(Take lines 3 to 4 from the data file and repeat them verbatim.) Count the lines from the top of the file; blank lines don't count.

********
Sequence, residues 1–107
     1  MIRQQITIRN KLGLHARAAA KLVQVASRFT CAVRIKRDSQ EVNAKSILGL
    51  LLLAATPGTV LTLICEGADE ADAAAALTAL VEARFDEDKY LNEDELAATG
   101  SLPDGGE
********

    51  LLLAATPGTV LTLICEGADE ADAAAALTAL VEARFDEDKY LNEDELAATG
   101  SLPDGGE